Factsheets | Main Budget Request Menu | NOAA Home Page
The Fiscal Year 2002 budget request for National Marine Fisheries Service (NOAA Fisheries) totals $734.2 million, including $598.0 million for research and management programs and $136.2 million in associated funding. The requested funding provides important new investments critical to the long- term stewardship of the Nations living marine resources, including $10.6 million in new funding to enhance and modernize NOAA Fisheries activities in the Northwest.
Who is Northwest NOAA Fisheries?
The Pacific Northwest is renowned for its natural beauty and abundance of marine species and ecosystems which encompass the coastal and estuarine waters of Oregon and Washington, and extend inland through the salmon- bearing tributaries of Idaho and Montana. An ecologically rich and diverse region, the Northwest is home to some of the nations most economically valuable fisheries, including the west coast groundfish fishery as well as the salmon and steelhead stocks.
Rebuilding West Coast Groundfish Stocks
A priority for NOAA Fisheries Northwest Region is to ensure the rebuilding and sustainable harvests of the Northwest groundfish complex. This is a large management complex comprised of over 80 different species of groundfish, several of which have been identified as overfished. Aggressive efforts, both scientifically and in the management of these species, are being conducted by NOAA Fisheries in concert with our management partners, the Pacific Fisheries Management Council and the Pacific States Marine Fisheries Commission. An observer program for West Coast groundfish is being implemented and funding is included in our request to expand this program in FY 2002. We are upgrading analyses with additional, more frequent groundfish stock assessments. With the additional funding requested in FY 2002, these two efforts will be critical in the future for identifying and monitoring the most effective management measures to rebuild and sustain these stocks. All of our programs involve collaboration with constituents on science and management to minimize negative impacts on human activities, and maximize the effectiveness of recovery and stewardship of these species and their habitats.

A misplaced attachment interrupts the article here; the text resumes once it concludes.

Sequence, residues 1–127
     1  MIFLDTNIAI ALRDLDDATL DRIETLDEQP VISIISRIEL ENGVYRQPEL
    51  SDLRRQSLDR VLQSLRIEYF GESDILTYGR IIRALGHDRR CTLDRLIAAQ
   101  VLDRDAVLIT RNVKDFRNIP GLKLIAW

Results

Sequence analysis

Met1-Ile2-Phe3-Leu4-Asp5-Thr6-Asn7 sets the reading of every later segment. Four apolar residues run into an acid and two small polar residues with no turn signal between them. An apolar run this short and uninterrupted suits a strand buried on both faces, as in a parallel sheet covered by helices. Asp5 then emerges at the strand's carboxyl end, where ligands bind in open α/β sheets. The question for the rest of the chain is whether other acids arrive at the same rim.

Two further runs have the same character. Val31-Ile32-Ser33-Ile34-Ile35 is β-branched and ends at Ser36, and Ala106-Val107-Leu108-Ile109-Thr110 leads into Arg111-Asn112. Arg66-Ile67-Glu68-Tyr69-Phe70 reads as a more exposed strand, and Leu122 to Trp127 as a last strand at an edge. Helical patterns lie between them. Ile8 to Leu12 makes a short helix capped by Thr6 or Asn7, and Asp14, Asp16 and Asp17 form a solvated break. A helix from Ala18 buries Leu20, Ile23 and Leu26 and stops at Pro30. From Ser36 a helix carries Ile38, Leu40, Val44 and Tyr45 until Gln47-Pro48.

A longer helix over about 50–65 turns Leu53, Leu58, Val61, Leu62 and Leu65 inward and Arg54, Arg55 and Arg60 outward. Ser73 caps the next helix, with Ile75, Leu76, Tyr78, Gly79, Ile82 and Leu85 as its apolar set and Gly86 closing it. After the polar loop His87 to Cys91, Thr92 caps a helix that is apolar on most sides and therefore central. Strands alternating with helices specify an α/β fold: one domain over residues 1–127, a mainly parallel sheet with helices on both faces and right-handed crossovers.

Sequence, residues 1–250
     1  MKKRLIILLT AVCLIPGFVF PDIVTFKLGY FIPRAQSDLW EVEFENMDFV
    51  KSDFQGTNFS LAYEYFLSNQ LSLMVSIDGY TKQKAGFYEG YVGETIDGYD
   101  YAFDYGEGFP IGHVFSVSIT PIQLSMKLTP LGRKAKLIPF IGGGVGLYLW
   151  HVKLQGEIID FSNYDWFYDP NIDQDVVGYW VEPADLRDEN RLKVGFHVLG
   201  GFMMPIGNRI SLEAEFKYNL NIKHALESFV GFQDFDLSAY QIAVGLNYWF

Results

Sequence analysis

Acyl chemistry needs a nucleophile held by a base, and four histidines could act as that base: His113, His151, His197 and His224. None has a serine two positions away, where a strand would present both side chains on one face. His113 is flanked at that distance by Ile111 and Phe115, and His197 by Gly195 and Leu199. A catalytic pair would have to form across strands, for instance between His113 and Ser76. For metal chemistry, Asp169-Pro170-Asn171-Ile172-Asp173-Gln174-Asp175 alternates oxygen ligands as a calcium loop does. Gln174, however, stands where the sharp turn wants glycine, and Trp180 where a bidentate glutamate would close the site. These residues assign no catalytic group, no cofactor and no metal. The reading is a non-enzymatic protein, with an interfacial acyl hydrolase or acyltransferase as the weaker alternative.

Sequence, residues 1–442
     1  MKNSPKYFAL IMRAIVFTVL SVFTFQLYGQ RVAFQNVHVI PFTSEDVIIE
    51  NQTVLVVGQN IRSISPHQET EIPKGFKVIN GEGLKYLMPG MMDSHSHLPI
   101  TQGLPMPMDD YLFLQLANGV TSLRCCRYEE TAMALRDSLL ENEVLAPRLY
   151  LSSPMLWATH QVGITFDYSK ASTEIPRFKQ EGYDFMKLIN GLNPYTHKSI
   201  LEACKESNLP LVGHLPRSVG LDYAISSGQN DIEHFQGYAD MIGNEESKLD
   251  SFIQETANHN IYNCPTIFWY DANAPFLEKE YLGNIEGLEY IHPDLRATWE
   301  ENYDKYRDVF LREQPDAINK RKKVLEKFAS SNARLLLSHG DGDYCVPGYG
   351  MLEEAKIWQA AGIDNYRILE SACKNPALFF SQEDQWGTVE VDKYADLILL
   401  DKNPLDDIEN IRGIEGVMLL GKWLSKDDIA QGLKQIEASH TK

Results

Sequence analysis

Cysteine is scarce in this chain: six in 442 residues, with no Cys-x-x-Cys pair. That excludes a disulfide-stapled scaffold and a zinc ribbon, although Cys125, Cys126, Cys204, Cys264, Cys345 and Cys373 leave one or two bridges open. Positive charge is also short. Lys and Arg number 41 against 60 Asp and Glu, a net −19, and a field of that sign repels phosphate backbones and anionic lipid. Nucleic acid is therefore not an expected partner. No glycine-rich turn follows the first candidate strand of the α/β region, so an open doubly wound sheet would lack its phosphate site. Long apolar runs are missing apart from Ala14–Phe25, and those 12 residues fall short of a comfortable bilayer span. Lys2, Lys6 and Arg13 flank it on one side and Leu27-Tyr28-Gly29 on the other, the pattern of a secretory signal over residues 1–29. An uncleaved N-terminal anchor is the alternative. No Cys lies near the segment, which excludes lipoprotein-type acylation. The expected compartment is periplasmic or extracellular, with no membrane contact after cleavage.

Recovering a Heritage
Pacific salmon is the biological and cultural icon of the region. Salmon are born in inland freshwater streams and rivers, migrate perhaps hundreds of miles to coastal estuaries, then disperse into distant ocean waters to grow. Once mature, they reverse their course, returning through the estuaries, fighting their way back upriver to the very streams where they were born to spawn and then die, beginning the cycle again.